Aug. 14th, 2012

piemancer: A front-perspective photograph of a giraffe splaying its legs and lowering its head to drink from a pool of water. (Thirsty Giraffe)
[personal profile] piemancer
In listening to NVC trainings, I often hear the phrase "baby giraffe" to describe a person just learning the feelings/needs jargon and the "Are You Feeling _____ because you need _____?" framework.  I think there's more to it than that- baby giraffes are in the process of learning how to relate to their needs from a perspective of generosity rather than weakness. 

Today, I heard a new phrase- "teenage giraffe." Sometimes, the teenage giraffe gets it right, and can delight in his or her growth and freedom. On the other hand, there's the obnoxious teenage giraffe. I imagine they're the ones who "assert their authenticity*" at all costs. After years of repressing yourself from sharing freely with others, I can see how over-expressing is a step that helps one break the cycle.

I imagine teenage giraffes are also the ones who yearn to share NVC with the world, but are still a little ungainly in its execution. Sadly, these teenagers can turn folks away from NVC. 

Well, I'm proud to be a teenage giraffe. I think I might use this week to explore what it would mean to "assert my authenticity" at all costs.  It doesn't mean I have to A my A, but I can create thought experiments about what might happen if I did.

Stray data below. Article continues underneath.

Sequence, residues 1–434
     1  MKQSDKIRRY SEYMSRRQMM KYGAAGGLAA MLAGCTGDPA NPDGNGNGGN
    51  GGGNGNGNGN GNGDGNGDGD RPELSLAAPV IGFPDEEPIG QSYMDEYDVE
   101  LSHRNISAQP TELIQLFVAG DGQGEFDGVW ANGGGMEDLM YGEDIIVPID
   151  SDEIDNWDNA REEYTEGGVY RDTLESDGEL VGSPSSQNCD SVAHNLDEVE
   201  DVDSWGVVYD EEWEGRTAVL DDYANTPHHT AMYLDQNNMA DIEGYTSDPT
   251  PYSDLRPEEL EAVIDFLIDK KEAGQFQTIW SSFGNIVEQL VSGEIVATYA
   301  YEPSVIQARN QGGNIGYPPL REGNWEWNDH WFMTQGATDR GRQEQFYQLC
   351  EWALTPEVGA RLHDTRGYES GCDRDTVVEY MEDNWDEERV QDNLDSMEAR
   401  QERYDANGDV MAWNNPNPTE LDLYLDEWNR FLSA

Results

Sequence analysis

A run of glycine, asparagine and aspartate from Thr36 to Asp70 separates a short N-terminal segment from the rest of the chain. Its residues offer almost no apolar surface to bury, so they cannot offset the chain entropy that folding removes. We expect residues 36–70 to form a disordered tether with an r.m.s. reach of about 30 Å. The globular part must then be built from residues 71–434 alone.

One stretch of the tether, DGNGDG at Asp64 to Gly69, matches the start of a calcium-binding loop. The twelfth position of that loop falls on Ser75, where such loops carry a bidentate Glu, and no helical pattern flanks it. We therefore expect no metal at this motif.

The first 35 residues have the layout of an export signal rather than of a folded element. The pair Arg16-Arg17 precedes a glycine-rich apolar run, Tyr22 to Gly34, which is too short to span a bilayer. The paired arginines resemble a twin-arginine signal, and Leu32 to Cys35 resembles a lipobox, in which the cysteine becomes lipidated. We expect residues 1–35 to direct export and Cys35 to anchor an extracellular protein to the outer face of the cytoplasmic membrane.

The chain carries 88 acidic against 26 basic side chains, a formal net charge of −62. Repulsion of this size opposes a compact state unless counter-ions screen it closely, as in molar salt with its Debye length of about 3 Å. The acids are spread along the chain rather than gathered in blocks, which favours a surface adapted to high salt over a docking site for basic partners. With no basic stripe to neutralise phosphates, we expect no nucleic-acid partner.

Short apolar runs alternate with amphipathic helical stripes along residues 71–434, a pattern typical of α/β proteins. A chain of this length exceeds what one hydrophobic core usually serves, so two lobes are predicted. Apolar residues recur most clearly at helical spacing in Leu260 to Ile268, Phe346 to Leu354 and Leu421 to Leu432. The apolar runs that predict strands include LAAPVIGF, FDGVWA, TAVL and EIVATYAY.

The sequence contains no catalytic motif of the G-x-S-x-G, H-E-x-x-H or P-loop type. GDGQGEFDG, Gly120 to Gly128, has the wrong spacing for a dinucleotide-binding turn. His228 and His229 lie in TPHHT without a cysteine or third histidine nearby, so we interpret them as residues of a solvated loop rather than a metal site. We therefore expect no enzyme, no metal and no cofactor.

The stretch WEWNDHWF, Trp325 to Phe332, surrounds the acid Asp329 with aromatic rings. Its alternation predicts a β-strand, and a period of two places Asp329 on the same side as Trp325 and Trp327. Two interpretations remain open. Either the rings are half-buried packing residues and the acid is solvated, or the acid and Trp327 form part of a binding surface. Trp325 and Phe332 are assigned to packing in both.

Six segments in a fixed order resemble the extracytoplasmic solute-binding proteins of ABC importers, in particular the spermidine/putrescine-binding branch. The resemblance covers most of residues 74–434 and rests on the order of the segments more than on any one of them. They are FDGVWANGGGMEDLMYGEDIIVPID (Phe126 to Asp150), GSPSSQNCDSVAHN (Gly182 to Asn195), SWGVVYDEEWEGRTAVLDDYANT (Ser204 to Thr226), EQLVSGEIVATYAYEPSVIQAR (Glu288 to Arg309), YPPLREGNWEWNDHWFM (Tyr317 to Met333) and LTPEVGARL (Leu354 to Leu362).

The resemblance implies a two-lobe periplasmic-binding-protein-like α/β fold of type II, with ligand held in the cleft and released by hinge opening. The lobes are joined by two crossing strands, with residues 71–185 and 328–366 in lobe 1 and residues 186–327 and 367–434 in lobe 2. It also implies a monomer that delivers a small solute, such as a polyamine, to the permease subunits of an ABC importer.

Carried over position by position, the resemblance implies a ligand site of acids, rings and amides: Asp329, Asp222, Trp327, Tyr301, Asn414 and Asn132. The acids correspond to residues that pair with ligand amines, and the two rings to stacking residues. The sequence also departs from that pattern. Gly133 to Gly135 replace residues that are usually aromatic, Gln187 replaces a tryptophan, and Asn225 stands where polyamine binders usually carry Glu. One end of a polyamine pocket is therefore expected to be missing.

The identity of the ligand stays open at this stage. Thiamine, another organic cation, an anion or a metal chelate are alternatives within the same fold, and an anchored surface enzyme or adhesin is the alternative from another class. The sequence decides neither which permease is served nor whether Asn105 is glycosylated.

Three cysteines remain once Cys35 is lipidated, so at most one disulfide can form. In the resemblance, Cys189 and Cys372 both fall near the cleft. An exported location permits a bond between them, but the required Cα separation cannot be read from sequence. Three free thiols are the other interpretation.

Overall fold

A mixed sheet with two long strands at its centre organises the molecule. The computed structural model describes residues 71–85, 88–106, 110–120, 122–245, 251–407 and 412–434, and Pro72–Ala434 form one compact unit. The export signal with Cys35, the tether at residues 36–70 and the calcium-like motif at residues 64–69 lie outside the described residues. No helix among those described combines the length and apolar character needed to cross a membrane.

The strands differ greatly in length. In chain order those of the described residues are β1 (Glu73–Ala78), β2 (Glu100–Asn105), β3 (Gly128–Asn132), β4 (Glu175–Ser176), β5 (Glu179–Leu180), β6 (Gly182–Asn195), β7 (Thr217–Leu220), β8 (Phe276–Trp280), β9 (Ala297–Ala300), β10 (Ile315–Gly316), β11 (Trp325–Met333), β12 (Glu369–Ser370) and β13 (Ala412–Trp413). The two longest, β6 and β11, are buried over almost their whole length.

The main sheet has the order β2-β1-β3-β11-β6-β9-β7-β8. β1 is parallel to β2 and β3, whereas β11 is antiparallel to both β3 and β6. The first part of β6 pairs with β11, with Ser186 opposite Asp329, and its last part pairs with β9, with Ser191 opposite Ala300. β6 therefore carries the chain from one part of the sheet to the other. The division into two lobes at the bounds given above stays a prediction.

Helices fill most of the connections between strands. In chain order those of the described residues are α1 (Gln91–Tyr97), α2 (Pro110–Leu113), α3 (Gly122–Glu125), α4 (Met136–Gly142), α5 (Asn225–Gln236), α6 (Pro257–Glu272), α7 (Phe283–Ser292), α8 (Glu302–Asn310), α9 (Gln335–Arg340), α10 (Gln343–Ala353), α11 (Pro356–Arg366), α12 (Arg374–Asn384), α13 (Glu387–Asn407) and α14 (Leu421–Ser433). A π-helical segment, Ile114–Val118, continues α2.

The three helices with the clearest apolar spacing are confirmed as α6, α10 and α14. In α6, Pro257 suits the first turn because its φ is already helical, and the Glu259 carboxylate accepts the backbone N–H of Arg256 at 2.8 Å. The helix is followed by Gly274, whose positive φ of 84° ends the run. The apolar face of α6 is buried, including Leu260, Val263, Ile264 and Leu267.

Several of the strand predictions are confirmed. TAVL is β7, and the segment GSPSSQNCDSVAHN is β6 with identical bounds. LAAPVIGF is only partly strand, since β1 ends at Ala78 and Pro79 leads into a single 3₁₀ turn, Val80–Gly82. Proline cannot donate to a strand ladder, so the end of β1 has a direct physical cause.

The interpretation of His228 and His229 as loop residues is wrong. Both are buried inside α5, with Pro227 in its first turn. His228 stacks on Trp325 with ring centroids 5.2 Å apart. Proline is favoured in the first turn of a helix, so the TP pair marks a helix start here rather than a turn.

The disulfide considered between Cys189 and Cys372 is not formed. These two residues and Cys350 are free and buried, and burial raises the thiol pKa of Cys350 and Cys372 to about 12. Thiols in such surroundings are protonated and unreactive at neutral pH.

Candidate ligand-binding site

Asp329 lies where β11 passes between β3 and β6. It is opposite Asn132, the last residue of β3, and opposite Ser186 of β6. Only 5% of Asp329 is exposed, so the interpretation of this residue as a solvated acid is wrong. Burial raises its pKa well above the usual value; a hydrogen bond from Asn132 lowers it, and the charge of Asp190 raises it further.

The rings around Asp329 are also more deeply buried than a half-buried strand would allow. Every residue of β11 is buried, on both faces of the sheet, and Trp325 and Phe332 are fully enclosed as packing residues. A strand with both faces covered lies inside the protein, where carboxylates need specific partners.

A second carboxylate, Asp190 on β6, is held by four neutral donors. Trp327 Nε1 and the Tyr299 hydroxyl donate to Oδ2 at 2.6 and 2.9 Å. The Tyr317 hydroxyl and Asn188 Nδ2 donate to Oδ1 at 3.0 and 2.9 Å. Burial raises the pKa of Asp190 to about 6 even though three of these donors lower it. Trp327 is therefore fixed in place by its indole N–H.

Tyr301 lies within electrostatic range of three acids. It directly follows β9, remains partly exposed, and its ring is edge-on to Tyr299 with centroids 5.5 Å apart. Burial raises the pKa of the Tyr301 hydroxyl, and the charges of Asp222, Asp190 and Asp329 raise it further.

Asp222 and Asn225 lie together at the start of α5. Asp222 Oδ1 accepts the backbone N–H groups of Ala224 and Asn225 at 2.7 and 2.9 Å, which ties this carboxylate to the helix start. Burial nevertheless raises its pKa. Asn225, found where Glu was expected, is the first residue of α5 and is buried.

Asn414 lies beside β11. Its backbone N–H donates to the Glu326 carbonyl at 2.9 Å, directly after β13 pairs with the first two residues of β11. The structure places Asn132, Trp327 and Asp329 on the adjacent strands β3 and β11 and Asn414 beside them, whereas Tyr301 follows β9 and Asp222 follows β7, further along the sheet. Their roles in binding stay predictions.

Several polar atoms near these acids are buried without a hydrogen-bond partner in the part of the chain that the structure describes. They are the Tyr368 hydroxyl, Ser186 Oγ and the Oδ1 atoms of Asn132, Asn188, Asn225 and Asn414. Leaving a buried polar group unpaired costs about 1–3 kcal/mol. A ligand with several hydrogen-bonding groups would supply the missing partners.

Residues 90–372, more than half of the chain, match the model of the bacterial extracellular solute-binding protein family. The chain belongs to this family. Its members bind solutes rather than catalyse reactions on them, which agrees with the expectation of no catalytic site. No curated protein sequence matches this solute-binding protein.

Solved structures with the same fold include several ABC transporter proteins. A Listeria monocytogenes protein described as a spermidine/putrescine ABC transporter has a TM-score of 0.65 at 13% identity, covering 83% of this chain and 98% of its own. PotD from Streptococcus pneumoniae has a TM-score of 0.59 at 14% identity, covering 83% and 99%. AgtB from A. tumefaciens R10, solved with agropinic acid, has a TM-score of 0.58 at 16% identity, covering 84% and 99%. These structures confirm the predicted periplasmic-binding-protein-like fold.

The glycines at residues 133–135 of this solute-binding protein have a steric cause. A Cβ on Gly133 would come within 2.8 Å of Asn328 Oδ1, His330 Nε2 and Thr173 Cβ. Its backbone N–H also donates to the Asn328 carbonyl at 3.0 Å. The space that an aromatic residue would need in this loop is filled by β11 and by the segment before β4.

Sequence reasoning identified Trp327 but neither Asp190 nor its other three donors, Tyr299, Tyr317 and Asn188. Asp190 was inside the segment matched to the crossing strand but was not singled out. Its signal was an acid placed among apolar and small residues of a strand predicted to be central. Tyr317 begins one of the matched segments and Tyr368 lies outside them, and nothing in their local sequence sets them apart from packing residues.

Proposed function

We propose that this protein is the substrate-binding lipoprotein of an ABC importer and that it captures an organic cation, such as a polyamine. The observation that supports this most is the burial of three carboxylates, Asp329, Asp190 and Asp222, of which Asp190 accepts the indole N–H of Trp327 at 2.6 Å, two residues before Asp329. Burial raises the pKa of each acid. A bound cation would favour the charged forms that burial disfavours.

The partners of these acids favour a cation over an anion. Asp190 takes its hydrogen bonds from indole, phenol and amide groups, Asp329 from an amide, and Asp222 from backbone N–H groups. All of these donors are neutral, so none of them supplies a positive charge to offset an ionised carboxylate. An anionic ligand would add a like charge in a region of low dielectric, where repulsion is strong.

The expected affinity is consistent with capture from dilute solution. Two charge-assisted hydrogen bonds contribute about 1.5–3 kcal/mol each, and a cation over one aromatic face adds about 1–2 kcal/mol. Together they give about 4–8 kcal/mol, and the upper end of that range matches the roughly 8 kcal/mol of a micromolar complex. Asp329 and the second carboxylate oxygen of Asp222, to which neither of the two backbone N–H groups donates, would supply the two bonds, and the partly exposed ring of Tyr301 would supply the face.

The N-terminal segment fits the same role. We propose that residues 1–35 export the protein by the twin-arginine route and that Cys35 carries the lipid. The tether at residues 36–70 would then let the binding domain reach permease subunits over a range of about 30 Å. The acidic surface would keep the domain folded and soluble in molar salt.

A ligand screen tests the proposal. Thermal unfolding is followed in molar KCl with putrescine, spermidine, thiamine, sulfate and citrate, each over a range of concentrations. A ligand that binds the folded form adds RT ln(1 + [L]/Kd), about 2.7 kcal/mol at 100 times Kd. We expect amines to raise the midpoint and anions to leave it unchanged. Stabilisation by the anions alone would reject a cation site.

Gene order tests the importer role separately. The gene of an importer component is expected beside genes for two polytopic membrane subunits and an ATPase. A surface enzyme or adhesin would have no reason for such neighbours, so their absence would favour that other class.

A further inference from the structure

*I put this in quotes because I'm not sure what it means. I imagine it means always stopping people when I get bored with what they say, or interject my feelings and needs without considering how their reactions to it might feed or not feed me. Those are important skills that I need to develop (well, interjecting my feelings and needs, but I don't want to develop not-consideration). 


giraffesanctuary: a close up of a giraffe face. Blue sky and green hill is visible behind. (Default)
A giraffe sanctuary where your jackal is safe.

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